In the next Reply you will find a YouTube example, of a very well known piece, where these two time signatures are used in the same music score.

Peter
In the interest of our members
AR-Group ADMIN

Peter Anderson

  • Administrator
  • Sr. Member
  • *****
  • Posts: 4344
  • Plays AR 80
Re: No__119___Guide to understanding Time Signatures
« Reply #19 on: October 29, 2019, 07:24:13 AM »
Here is a YouTube clip, that is particularly relevant to this Pearl about Common and Cut time, because as this piece continues, it gradually increases in speed, moving from sounding like a    4/4   to   sounding like a  2/2.

Now that is actually what occurs.
By the end of the piece, the conductor directs the orchestra in Cut Time rather than Common Time.

The music notes in the score would look exactly the same, but the time signature affects the pace that the piece is played at.
Listen to this performance to hear the beats get faster and see if you can hear when the orchestra switches into Cut Time!

Remember, it starts with counting,   1  2  3   4,   1  2  3   4, etc
      but then switches to counting,   1      2,        1      2,      etc

In this video, the Emory Youth Symphony Orchestra are playing, In the Hall of the Mountain King, by Edvard Grieg:




You will also find this YouTube item in Peters Pearls No 120 - Identifying the Time Signature, (where I have also given you a hint to help you).

http://www.ar-group.org/smforum/index.php?topic=3509.msg12851#msg12851


To read the whole Pearl from the beginning, click this link:

http://www.ar-group.org/smforum/index.php?topic=3509.msg12808#msg12808

In the next Reply, we consider the other classification of Time Signatures.

Peter
In the interest of our members
AR-Group ADMIN

Peter Anderson

  • Administrator
  • Sr. Member
  • *****
  • Posts: 4344
  • Plays AR 80
Re: No__119___Guide to understanding Time Signatures
« Reply #20 on: October 30, 2019, 07:03:31 AM »

Now let us come back to....

Duple,     Triple     &      Quadruple time

The second level of classification for Time Signatures is how many beats there are in a bar.

There are three which are the most common

               Duple time
               Triple time
               Quadruple time


These simply refer to whether any regular time signature can be divided by     2,   3,   or   4.

                A duple meter has 2 beats per measure,
                a triple meter has 3 beats per measure, and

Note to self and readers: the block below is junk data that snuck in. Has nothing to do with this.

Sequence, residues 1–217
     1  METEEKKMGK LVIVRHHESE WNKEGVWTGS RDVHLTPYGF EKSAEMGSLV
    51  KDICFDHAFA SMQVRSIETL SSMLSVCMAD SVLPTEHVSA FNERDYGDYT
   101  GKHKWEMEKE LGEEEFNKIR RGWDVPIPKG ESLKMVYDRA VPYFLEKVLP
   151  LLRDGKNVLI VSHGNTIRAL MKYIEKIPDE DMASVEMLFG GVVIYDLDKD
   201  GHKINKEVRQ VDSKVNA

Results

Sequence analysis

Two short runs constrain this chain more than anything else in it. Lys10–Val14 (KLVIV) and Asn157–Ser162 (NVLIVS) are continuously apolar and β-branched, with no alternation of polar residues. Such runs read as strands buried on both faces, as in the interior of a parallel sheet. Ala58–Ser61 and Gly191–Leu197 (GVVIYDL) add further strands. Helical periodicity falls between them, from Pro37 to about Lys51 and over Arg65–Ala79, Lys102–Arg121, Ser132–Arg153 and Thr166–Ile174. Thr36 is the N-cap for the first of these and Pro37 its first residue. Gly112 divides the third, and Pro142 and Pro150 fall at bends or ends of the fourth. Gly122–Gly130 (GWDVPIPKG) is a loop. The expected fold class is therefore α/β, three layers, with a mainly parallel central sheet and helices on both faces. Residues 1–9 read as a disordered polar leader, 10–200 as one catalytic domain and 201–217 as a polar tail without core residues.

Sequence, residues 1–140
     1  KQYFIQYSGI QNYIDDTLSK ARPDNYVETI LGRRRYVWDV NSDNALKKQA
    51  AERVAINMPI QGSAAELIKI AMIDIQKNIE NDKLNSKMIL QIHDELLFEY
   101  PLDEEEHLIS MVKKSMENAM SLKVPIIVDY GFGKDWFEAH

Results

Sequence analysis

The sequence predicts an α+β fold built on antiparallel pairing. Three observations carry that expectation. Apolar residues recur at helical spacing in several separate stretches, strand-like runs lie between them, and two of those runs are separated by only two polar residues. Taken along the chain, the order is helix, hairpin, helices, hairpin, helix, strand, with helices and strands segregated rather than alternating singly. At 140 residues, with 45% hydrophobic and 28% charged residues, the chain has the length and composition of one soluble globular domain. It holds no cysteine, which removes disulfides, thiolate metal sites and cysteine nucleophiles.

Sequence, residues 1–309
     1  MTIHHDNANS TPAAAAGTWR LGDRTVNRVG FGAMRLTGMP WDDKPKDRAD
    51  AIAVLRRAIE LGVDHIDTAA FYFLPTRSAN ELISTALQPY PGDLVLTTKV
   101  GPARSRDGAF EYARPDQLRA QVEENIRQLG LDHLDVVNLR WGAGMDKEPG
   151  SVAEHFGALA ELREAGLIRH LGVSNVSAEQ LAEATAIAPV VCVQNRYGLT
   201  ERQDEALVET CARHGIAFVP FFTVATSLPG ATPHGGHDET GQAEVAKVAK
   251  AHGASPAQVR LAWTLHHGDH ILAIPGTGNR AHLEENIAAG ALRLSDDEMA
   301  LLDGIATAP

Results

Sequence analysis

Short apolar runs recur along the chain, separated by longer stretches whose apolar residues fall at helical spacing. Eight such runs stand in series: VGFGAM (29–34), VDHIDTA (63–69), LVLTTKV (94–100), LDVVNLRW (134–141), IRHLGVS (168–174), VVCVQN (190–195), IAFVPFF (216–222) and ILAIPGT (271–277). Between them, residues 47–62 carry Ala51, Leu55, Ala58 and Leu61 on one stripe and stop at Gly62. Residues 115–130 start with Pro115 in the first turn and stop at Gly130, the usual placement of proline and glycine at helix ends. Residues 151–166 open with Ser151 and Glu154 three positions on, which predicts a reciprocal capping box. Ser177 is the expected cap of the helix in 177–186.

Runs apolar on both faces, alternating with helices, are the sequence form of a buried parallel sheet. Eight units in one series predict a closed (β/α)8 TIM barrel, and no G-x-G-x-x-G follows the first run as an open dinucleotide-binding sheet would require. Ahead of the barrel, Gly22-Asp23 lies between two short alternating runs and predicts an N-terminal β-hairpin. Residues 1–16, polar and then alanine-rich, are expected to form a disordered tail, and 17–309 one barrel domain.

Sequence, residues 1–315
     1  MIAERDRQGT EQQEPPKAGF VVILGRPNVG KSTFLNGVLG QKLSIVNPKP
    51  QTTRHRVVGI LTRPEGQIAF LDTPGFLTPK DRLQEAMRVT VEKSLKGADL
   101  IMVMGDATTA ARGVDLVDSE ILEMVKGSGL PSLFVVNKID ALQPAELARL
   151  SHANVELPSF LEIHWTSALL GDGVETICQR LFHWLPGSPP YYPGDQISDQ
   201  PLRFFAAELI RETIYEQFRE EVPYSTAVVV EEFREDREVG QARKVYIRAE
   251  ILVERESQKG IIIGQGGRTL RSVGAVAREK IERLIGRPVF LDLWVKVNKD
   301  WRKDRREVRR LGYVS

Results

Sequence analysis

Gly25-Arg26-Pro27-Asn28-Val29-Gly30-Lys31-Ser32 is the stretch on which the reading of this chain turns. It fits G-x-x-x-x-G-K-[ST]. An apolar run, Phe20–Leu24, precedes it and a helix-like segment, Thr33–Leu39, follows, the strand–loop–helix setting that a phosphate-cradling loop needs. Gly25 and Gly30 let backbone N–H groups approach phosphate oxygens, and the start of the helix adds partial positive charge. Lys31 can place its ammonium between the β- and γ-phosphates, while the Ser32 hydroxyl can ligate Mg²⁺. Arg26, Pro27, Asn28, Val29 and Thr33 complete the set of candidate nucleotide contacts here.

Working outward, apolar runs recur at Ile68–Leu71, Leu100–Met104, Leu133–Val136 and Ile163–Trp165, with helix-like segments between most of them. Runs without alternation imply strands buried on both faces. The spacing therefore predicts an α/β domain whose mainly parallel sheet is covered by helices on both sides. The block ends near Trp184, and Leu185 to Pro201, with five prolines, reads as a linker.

a quadruple meter has 4 beats per measure.

Duple time is where we will have    2   main beats in a bar.

Examples of this are        2/4 which has   2   crotchet beats in a bar



                                Or    2/2    which has   2   minim beats in a bar.


Triple time is where we have   3   main beats in a bar.
 
Examples of this include    3 /4 which has   3   crotchet beats in a bar


 or  3/8  which has   3   quaver beats in a bar.



Quadruple time is where we have   4   main beats in a bar.

Examples of this are  4/4    which has   4  crotchet beats in a bar



                             Or  4/2 which has   4   minim beats in a bar.


Each of the above examples are also classified as Simple Time Signatures.


In the next two Replies you will find links to YouTube examples of some of these Time Signatures.

Peter
In the interest of our members
AR-Group ADMIN

Peter Anderson

  • Administrator
  • Sr. Member
  • *****
  • Posts: 4344
  • Plays AR 80
Re: No__119___Guide to understanding Time Signatures
« Reply #21 on: October 30, 2019, 09:37:06 PM »

Here is a link to a Piece written and played in 3/4 time, which is found in Peters Pearls #120 - Identifying the Time Signature of a piece of music:

http://www.ar-group.org/smforum/index.php?topic=3509.msg12856#msg12856

Peter
In the interest of our members
AR-Group ADMIN

Peter Anderson

  • Administrator
  • Sr. Member
  • *****
  • Posts: 4344
  • Plays AR 80
Re: No__119___Guide to understanding Time Signatures
« Reply #22 on: October 31, 2019, 06:36:13 AM »
Here is a link to a Piece written and played in 2/4 time, which is found in Peters Pearls #120 - Identifying the Time Signature of a piece of music:

http://www.ar-group.org/smforum/index.php?topic=3509.msg12858#msg12858

Peter
In the interest of our members
AR-Group ADMIN

Peter Anderson

  • Administrator
  • Sr. Member
  • *****
  • Posts: 4344
  • Plays AR 80
Re: No__119___Guide to understanding Time Signatures
« Reply #23 on: November 01, 2019, 06:55:51 AM »